When I first started taking tramadol it is fair to say I was a lot more depressed, and in a lot of pain from my back (which has mostly disappeared now through my posture work, but sitting for long periods will still bring it back), and it brought a lot of relief and allowed me to deal with things which before had seemed too burdensome or "not worth the effort". Glimpsing life without pain is very important for people, I believe, in order that they get a real picture of where they have pain in their life, and to know that life can be better for dealing with that pain. If you have lived a long time with some sources of pain, you tend to no longer see that pain, and your perceptions change to generally feeling that the world is a bad place and that life is hard. If it takes someone being on tramadol for a few weeks to be able to look beyond that, that is great, and this is why I am actually advising many people to try tramadol, despite its addictive profile.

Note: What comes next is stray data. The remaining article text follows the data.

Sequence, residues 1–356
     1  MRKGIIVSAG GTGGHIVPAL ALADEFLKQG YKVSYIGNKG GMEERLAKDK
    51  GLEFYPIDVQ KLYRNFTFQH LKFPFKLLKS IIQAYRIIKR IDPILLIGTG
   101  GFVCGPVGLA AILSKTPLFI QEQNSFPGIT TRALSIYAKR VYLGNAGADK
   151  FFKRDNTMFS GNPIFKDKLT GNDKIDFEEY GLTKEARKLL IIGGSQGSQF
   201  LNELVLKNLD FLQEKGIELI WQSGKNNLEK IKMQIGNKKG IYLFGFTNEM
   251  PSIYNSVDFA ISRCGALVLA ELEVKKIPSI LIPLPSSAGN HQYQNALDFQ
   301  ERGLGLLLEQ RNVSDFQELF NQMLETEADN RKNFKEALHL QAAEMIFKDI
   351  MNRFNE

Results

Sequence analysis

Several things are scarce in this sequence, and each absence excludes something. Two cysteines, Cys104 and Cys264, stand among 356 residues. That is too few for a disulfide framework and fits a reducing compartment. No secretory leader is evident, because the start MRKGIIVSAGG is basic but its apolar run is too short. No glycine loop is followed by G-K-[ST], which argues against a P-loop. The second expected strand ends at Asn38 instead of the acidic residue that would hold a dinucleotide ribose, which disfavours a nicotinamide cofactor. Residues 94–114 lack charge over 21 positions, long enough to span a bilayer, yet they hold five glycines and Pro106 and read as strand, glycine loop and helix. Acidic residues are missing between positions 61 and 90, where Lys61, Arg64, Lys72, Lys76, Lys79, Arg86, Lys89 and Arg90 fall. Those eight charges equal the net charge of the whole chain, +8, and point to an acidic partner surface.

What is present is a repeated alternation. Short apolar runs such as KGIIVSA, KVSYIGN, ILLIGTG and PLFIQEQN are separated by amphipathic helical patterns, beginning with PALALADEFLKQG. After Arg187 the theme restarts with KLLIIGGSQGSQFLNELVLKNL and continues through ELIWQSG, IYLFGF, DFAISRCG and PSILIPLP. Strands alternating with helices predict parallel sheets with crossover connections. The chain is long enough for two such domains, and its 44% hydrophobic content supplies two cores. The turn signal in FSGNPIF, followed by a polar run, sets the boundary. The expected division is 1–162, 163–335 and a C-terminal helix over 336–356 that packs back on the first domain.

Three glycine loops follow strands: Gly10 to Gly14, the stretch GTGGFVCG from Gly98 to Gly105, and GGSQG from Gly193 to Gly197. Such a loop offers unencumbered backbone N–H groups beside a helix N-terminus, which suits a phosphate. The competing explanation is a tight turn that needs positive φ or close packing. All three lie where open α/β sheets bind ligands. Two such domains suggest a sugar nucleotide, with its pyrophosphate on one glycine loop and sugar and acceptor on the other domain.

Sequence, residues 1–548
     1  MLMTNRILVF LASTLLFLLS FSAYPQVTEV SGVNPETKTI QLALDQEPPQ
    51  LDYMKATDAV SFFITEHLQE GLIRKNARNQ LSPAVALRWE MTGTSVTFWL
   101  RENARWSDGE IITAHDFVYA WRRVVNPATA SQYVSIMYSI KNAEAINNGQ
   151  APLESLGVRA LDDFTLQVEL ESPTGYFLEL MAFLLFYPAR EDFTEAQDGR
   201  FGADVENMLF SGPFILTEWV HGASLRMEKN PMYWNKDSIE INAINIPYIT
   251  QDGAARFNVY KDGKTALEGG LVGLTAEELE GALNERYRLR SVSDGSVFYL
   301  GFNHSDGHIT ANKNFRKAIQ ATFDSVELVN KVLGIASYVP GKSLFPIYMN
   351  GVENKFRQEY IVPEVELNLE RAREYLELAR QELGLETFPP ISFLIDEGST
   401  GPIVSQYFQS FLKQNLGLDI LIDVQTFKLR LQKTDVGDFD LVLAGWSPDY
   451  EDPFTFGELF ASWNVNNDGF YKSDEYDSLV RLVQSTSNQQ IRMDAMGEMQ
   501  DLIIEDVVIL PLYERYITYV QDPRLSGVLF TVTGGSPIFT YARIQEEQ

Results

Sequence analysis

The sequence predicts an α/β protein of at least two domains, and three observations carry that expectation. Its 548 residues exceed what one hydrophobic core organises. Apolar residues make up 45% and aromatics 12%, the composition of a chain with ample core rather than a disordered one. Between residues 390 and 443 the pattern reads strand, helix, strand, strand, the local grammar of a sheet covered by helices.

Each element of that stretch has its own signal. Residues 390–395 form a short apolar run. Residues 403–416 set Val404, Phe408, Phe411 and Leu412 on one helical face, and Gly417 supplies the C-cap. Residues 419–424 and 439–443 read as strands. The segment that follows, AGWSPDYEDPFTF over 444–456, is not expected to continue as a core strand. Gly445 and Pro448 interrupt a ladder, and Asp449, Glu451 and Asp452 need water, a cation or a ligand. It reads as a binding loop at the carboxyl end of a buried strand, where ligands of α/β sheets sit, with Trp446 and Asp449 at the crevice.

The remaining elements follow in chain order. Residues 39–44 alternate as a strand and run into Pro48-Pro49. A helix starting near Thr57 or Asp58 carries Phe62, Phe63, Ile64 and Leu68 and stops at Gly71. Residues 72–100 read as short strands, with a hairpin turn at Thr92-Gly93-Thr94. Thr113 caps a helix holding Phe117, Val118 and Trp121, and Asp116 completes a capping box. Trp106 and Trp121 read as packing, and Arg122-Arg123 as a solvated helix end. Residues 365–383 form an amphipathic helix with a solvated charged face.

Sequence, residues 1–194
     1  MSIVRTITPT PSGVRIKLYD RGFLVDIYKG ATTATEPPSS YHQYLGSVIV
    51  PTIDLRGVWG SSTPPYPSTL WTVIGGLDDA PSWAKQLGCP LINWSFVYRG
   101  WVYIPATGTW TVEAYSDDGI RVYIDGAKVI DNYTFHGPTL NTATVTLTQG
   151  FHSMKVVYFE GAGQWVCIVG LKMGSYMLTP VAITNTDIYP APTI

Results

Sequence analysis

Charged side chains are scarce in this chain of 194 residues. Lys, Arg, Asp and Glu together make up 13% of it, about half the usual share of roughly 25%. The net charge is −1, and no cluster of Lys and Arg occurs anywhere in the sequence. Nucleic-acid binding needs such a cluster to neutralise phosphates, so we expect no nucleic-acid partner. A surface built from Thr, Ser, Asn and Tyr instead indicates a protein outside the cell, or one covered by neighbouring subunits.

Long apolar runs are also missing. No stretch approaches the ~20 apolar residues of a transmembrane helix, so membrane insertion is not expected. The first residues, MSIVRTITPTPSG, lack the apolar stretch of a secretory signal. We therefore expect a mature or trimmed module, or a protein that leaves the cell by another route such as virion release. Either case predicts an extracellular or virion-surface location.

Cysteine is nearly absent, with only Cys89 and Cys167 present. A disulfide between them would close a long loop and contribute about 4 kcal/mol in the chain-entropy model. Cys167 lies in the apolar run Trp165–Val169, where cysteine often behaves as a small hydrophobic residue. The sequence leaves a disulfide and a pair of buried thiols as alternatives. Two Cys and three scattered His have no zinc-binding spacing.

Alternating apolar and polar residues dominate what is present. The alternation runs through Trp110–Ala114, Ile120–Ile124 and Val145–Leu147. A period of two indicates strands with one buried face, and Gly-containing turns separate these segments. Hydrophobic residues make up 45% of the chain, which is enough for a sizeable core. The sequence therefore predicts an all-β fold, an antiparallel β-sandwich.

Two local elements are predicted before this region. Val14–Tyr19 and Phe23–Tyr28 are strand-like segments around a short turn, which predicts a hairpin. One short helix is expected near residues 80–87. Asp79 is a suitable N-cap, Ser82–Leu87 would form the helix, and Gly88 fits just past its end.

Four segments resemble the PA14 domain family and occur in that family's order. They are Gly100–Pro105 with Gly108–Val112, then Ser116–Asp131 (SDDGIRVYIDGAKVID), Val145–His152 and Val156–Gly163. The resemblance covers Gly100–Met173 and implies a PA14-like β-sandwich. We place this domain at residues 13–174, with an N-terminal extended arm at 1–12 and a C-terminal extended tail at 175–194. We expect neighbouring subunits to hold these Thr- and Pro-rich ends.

Tramadol has been an interesting experience for me but I have grown out of it now. I'm more looking forward to testing out the nootropics which are arriving in the post soon. :)

Quote
Also, how do you differentiate the impact of trauma release versus Tramadol when you use both? or do you use them at different times?